Finally, in terms of the “GATEWAY HYPOTHESIS” of people switching from hookah to cigarettes, this is a very strong and dangerous possibility given the levels of nicotine produced by one hookah session. The study cited by Dr. Chaouachi that failed to find people switching still suggest strategies to control hookah because half of the users are currently nonsmokers (i.e they can switch and become smokers).

    As with any new field, hookah-related research is still under development and varying accounts and interpretations are acceptable. We therefore thank Dr. Chaouachi for his contribution and comments.


    References


    1. Shihadeh A, Saleh R: Polycyclic aromatic hydrocarbons, carbon monoxide, "tar", and nicotine in the mainstream smoke aerosol of the narghile water pipe. Food and Chemical Toxicology 2005, 43(5):655-661.
    2. Shihadeh A: Investigation of mainstream smoke aerosol of the argileh water pipe. Food and Chemical Toxicology 2003, 41(1):143-152.
    3. Macaron C, Macaron Z, Maalouf M, Macaron N, Moore A: Urinary cotinine in narguila or chicha tobacco smokers. The Lebanese medical journal 1997, 45(1):19 -20.
    4. Neergaard J, Singh P, Job J, Montgomery S: Waterpipe smoking and nicotine exposure: a review of the current evidence. Nicotine & Tobacco Research 2007, 9(10):987 994.
    5. BMC
    6. Monzer B, Sepetdjian E, Saliba N, Shihadeh A: Charcoal emissions as a source of CO and carcinogenic PAH in mainstream narghile waterpipe smoke. Food and Chemical Toxicology 2008, 46(9):2991-2995.
    7. Maziak W, Rastam S, Ibrahim I, Ward KD, Eissenberg T: Waterpipe-associated particulate matter emissions. Nicotine & Tobacco Research 2008, 10(3):519-523.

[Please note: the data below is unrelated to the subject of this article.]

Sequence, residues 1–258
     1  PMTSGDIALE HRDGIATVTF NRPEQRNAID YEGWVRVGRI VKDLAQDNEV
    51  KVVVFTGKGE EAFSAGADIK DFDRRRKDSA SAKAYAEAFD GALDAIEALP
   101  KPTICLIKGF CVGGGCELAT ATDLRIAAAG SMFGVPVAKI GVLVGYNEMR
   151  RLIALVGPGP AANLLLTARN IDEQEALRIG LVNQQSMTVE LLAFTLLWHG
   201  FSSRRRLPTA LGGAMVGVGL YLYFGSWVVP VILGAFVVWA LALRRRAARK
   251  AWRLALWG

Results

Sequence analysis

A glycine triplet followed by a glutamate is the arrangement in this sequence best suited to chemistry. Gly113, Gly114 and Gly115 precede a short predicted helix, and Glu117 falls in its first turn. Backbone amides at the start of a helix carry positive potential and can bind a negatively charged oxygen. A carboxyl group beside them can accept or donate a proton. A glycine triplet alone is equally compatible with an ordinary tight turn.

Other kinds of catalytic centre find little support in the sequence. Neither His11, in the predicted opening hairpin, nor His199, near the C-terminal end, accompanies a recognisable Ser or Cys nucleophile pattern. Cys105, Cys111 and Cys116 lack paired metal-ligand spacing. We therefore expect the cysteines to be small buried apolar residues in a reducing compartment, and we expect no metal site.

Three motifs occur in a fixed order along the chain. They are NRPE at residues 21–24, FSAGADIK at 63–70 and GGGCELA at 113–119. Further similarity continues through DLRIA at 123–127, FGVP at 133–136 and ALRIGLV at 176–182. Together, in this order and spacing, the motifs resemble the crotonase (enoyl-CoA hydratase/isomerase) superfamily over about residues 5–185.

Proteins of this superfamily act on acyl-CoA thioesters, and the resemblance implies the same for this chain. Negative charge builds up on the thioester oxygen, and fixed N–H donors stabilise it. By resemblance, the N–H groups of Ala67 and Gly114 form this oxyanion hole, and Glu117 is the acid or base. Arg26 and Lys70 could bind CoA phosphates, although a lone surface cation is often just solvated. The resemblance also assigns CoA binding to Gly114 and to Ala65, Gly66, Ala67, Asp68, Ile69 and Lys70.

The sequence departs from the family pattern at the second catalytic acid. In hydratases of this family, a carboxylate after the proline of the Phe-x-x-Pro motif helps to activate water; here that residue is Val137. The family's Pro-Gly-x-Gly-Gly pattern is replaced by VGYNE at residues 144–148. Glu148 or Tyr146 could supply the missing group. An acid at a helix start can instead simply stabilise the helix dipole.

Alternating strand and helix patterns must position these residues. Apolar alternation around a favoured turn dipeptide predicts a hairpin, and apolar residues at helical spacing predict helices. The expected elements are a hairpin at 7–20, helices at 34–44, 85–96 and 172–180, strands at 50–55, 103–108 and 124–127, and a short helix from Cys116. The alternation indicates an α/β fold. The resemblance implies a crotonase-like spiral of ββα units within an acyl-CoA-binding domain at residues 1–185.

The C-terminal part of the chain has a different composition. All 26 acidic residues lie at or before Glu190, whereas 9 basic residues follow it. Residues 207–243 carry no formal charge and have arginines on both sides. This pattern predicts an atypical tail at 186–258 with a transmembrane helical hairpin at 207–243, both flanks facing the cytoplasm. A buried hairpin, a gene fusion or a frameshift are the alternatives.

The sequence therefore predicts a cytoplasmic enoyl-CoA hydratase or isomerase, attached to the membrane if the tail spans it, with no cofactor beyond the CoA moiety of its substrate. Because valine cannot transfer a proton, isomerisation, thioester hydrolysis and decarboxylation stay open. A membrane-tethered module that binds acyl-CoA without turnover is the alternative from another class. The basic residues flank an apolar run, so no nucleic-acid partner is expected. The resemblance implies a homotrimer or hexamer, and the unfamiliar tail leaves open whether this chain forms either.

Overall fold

Competing interests

    No competing interests.

  4. Time to Make Tabula Rasa of Some Misconceptions in Research on Hookah (Narghile, Shisha) Tobacco Smoking

    2 July 2010

    Kamal Chaouachi, DIU Tabacologie, Université Paris XI (France)

    PLAN: Introduction; 1) Smoking machines ; 2) Nicotine intake ; 3) Temperatures involved; 4) Origins; 5) Second hand smoke ; 6) Gateway hypothesis; Conclusion.

    Introduction. The high degree of international confusion surrounding hookah research, likely never reached in the history of tobacco research, is mainly due to the abuse of smoking machines and the use of a reductionist nominalism (““waterpipe””)[1].

    1) While biomedical research on hookah smoking is very old and particularly informative, it is surprising that the arguments of ““waterpipe”” antismoking researchers almost exclusively rely on levels of toxic substances produced by smoking machines operated at the US-American University of Beirut (US-AUB)(Shihadeh, Saleh, Sepetjian, Monzer, Saliba, Daher, and others: 2003-2009). However, the corresponding laboratory modelling of a complex human behaviour (smoking) is seriously biased as it is clear that a hookah smoker is not a robot drawing a puff every 17s, with the charcoal placed in the same point atop the bowl, over a full hour [1][2][3].

    2) The concern over nicotine is directly related to the uncritical use of the confusing ““waterpipe”” neologism put forward by the US-Syrian Centre for Tobacco Studies (US-SCTS)[1]. The global mix-up reached its climax with Neergaard et al.’s metaanalysis in which the pooled studies, among other biases, involved different products for a direct comparison [1]. Of course, nicotine “compensation” is possible but Macaron et al’ study was about plain tobacco (tumbak/ajamy), not the fashionable flavoured smoking gooey mixture called moassel/tobamel(30% tobacco or less, or no tobacco at all). However, the ““waterpipe”” nominalism has elicited such a generalisation, hence the witnessed confusion. There is not a single ““waterpipe”” model but a very wide variety of pipes with diverse smoking products which, in their turn, produce smokes of dissimilar volumes, chemical compositions and health effects. Comparisons with cigarette are irrelevant and unscientific [1].